May 26, 2012
As Americans celebrate Memorial Day this weekend, President Obama leads presumptive GOP nominee Mitt Romney in the all-important electoral college vote count, 247 to 206, according to a widely reported Associated Press report released Saturday. To win the presidency, a candidate must receive at least 270 electoral votes.
If these springtime state-by-state polling numbers hold up through Election Day on Nov. 6, the 2012 presidential election would be decided in seven swing states with a total of 85 electoral votes: Florida (29), Ohio (18), Virginia (13), Colorado (9), Iowa (6), Nevada (6) and New Hampshire (4). Obama carried all the aforementioned states in 2008, but an AP assessment of current polls show them all too close to predict at this point.
Although the AP article made mention of Obama worries in Wisconsin, it is not clear if Wisconsin is being counted as an Obama state or a Romney state in the AP’s 247-206 tally. The Real Clear Politics (RCP) average for polls conducting between May 9 and May 22 shows Obama with a 47.8 to 45 percent advantage over Romney in Wisconsin, with the most recent poll showing Obama with a 6-point lead. The AP article indicates that if embattled GOP Gov. Scott Walker survives the recall vote in June, Romney may have a better chance to win there in November. Recent polls show voters leaning toward keeping Walker in office.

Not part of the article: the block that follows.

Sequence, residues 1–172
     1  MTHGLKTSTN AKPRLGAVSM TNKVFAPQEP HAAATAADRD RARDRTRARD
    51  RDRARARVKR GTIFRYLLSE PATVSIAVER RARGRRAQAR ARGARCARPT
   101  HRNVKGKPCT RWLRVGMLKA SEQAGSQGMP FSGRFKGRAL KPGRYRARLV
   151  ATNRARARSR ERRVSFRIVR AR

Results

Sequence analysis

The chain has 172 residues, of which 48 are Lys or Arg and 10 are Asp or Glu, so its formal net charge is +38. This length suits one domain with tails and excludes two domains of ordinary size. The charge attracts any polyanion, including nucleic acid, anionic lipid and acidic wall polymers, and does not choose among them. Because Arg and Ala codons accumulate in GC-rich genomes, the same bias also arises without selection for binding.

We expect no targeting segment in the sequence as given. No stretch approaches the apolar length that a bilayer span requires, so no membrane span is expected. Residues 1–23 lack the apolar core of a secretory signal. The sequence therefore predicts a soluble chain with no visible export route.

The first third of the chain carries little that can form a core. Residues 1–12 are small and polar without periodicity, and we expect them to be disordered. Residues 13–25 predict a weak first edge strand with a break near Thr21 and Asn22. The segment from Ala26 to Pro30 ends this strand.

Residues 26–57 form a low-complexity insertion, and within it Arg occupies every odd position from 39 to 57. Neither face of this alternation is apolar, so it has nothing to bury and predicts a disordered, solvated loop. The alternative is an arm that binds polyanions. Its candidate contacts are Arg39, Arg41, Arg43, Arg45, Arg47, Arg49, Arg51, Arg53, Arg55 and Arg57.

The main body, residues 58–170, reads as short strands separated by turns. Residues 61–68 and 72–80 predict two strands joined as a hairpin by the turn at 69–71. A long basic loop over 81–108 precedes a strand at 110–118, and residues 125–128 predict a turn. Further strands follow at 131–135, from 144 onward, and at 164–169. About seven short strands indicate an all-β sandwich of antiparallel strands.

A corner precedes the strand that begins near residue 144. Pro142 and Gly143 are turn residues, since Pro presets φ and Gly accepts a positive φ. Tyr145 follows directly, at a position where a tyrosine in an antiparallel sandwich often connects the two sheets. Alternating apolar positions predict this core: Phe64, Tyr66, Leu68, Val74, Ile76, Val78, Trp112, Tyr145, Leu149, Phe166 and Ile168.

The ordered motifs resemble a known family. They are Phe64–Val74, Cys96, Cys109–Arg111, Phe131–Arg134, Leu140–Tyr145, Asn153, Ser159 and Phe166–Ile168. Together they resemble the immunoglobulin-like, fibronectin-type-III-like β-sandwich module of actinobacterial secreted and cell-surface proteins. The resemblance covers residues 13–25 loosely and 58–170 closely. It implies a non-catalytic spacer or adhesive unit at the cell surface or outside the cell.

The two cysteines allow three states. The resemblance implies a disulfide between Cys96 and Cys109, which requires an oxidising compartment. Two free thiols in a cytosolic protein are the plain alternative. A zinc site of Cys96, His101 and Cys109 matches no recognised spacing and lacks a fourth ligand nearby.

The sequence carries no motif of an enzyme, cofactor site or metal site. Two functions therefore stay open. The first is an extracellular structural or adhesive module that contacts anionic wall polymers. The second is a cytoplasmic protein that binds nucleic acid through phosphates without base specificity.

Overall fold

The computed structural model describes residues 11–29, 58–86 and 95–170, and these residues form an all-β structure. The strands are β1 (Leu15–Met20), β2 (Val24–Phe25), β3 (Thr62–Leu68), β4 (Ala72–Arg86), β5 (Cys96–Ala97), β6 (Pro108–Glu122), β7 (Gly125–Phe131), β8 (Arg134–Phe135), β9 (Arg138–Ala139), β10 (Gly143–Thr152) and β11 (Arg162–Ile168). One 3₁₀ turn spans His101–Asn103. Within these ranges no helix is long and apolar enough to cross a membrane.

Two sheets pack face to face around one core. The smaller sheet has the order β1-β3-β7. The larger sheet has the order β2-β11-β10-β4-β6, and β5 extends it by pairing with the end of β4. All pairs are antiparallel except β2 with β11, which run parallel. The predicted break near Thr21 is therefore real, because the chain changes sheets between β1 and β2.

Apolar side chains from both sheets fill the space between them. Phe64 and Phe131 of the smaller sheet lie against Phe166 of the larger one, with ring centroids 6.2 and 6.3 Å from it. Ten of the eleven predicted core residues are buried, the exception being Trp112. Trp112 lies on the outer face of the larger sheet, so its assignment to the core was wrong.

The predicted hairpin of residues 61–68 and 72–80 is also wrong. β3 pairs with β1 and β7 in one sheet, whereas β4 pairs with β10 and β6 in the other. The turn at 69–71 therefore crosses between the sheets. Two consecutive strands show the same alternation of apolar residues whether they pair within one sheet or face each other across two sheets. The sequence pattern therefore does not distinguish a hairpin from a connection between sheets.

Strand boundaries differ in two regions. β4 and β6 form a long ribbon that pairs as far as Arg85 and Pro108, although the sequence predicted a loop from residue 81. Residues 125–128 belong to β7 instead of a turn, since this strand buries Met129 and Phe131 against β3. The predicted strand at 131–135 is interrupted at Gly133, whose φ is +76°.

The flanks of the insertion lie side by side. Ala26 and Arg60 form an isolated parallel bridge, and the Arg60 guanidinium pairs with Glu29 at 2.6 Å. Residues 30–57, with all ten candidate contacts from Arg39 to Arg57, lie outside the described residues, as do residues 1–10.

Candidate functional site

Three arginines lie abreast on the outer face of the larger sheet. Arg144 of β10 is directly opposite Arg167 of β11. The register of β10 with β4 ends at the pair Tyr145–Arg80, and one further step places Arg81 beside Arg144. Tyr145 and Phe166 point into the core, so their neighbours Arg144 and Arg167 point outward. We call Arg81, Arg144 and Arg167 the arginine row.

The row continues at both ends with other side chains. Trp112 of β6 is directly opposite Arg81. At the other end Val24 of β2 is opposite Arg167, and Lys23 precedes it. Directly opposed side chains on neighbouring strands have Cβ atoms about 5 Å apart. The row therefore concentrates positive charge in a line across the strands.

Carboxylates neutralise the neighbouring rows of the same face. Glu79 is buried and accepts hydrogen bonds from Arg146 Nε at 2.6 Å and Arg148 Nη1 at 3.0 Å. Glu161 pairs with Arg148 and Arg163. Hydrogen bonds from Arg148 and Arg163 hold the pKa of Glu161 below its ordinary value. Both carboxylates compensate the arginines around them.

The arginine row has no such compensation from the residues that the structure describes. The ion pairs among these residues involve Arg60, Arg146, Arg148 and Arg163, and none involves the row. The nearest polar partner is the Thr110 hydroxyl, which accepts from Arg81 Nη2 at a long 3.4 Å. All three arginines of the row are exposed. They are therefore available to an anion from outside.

RCP sees the race differently than AP when it comes to assigning states to Obama or Romney – the site’s current count shows Obama with 227 electoral votes likely or leaning his way, while Romney has 161 likely or leaning his way. RCP places Nevada in the “likely Obama” category, but adds these states to the tossup category: Michigan (16), North Carolina (15), Arizona (11), Missouri (10) and Wisconsin (10).
Of the seven states the AP listed as 2012 tossups, Obama “flipped” all but one of them, New Hampshire. While N.H. opted for Democrat John Kerry in 2004, the other six backed then-incumbent President George w. Bush. Of the seven states, only Iowa voted for Gore over Bush in 2000.
In breaking down the state-by-state prospects of the swing states, Obama would seem to be the most vulnerable in Florida, judging from recent polls. A widely cited Quinnipiac poll released last week showed Romney with a six-point edge, 47-41, although an NBC News-Marist poll released around the same time showed Obama up, 48-44. When all the recent Florida polls are averaged by RCP, Romney leads by a half point, 45.3 to 44.8.
Obama holds a 4.9 percent advantage over Romney in the RCP average numbers for Ohio, 47.2 to 42.3. In Virginia, Obama holds a 2.5 percent advantage, 47.2 to 44.7 percent. Colorado also falls into Obama’s column at this point, as do Iowa, Nevada and New Hampshire.
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SOURCES & RESOURCES:
Warning signs for Obama on path to electoral votes, Associated Press, May 26, 2012
Additional sources linked to in text.